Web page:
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Kashmir – with melodious valleys, gushing waters, mighty snow covered mountains and magnificent landscapes has surely become as one of the most sought after destinations in the world. Nesting in the lap of the dazzling, snowcapped Himalayas, the Kashmir valley is undoubtedly a jewel in India’s crown. An inspiration for so much art, music, poetry & sport, Kashmir is also a honeymooner’s paradise, a shopper’s dream come true and an adventure lover’s wonderland. There is a whole bunch of adventure sports on offer – like snow skiing, trekking, mountaineering, white water rafting, water skiing, parasailing and paragliding to name a few. For each sport there are centers all over Kashmir where one can hire equipment and also take advice from professionals. Trained instructors are available to help the beginners.
One of the major attractions for adventure lovers is skiing in Gulmarg, the best ski resort in the Himalayas, which was first established by the British in 1927, when two British Army Officers, Maj. Metcarp and Maj. Hadow had setup the Ski Club of India at Gulmarg.
In 1938-39 about 500 skiers are reported to have participated in the Christmas and Easter ski races. Gulmarg’s atmosphere can generally be identified with 1940’s and 50’s European skiing – ‘the Alps of good old days’. It has good sunshine as well as good snow.
Gulmarg holds a position as one of the highest lift served ski resorts in the world. This is due to setting up of a Gondola Cable Car Lift from Gulmarg (8700 ft) to Apharwat top (13400 ft). The skiing season in Gulmarg usually commences before Christmas (around middle of December) and continues till middle of April. Good quality equipment, including skis, snow-boards, sticks, gloves and goggles are available on hire from the Government run ski shops. Trained instructors are also available for guiding the tourists. Gulmarg certainly is the most affordable ski resort in the world.
During the skiing season, rescue and avalanche mitigation operations in Gulmarg are carried out by Ski Patrol Team.The most enjoyable aspect of a winter sojourn in Gulmarg is the friendly atmosphere. It is like being in a family where everybody knows every one else.
WHITE WATER RAFTING
Plunging down the icy rivers in a raft must certainly rank as the most adventurous way of seeing Kashmir. The Lidder river in Pahalgam has stretches where its gentle gradients are particularly well-suited to the beginners. Sonamarg is another favorite place for rafting in Kashmir as the river Sindh roars through the area. River rafting in Ladakh provides the best opportunity to enjoy and experience the natural beauty of the spectacular landscape with deep gorges, towering snow-capped peaks, hilltop monasteries, hillside villages, and glimpses of the unique wildlife. Ladakh offers a range of rafting options on the Indus and its major tributaries. The best stretch for professionally guided runs in white water is on the Indus between Spituk and Nimu or Saspol, which rates 2 to 3 in the international rivers grading scale of 1 to 6. Upstream of Spituk, the Indus has the easiest stretch up to Karu, which is ideal for basic training or “scenic floating”. The most difficult but exciting rafting option is available on the Zanskar River, among its spectacular course through a gorge in the Zanskar Mountains, between Padum and Nimu. This is suitable only for well organized white-water expeditions, prepared for about a week of rafting and camping in absolute wilderness. Participants are required to be trained rafters.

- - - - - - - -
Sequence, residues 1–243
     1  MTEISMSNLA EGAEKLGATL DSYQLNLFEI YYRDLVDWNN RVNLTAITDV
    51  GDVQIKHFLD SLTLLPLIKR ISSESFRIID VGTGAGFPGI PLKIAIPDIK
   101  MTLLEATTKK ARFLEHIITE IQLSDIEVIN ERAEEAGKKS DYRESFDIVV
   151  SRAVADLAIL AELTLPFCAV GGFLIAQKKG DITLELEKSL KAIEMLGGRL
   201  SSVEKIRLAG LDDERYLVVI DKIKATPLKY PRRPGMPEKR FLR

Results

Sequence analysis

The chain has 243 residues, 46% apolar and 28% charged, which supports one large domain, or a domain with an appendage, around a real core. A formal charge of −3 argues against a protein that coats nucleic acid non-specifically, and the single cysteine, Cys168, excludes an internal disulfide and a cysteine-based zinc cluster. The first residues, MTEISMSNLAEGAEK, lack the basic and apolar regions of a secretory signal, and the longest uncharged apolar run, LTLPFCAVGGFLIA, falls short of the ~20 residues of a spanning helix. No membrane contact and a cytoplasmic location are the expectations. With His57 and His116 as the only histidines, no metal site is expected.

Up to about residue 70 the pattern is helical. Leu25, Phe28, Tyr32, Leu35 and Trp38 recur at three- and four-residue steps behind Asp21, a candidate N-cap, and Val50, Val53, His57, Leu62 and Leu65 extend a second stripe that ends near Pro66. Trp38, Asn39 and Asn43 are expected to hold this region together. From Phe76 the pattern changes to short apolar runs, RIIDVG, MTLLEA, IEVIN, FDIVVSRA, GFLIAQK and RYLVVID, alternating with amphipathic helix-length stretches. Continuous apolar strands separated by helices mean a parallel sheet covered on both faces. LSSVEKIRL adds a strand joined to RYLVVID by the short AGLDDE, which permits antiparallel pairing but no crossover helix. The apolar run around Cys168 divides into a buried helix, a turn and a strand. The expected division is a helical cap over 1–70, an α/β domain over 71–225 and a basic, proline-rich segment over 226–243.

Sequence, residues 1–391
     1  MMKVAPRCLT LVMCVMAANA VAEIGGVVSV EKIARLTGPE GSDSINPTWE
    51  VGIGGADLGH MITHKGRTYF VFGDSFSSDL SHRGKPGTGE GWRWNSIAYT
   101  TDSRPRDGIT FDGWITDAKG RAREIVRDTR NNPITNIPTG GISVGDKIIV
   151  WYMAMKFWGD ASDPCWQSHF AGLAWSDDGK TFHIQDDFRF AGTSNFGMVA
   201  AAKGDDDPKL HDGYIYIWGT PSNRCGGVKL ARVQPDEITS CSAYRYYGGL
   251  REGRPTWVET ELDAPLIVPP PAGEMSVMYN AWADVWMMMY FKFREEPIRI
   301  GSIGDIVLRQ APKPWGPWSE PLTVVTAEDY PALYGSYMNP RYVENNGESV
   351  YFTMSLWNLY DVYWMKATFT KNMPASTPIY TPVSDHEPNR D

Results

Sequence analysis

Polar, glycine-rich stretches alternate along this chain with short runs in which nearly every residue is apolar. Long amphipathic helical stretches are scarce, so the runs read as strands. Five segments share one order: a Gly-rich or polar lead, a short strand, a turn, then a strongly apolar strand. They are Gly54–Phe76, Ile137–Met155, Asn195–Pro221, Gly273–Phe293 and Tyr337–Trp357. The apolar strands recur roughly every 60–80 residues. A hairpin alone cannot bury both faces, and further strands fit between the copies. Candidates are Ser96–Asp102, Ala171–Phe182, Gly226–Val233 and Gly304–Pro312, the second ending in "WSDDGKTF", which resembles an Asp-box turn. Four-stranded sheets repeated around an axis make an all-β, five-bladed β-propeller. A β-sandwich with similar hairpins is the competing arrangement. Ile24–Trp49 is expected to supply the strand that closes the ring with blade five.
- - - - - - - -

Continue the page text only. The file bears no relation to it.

On the waters of the famous lakes of Kashmir, like the Dal, Nigeen and Manasbal, one can go water skiing. Skiing against the backdrop of lovely mountains surrounding the lakes makes it an unforgettable experience. The Department of Tourism has also set up Water Sports Centres at the Dal and Nigeen Lakes, where one can enjoy a ride on high speed boats.
This is one of the newest entries in the long list of adventure sports in the state. One can choose to glide over valleys, mountains or lakes as paragliding sites include Affarwat, Gulmarg, Patnitop, Pahalgam, Sonamarg and more recently Manasbal lake site.
MOTOR AND BIKE SAFARIS
From Sonamarg onwards as the terrain gets rough and adventurous, while heading towards Ladakh, the area beckons for all types of motor Safaris. Certainly one can enjoy the nature while testing his nerves on the wheels.
While the summer (June-August) temperature of Srinagar are between 20 deg and 30 deg C. Temperatures in the hill resorts are considerably lower. In the evening, light woolen are required for Gulmarg, Pahalgam & Sonamarg, but not for Srinagar. Spring (March-May) and autumn (October-November) are cold. With minimum temperature plunging down to 7 deg C, woolens are necessary. During winter (December February), temperatures sometimes reaches minus 10 deg C in Srinagar and heavy woolen are required.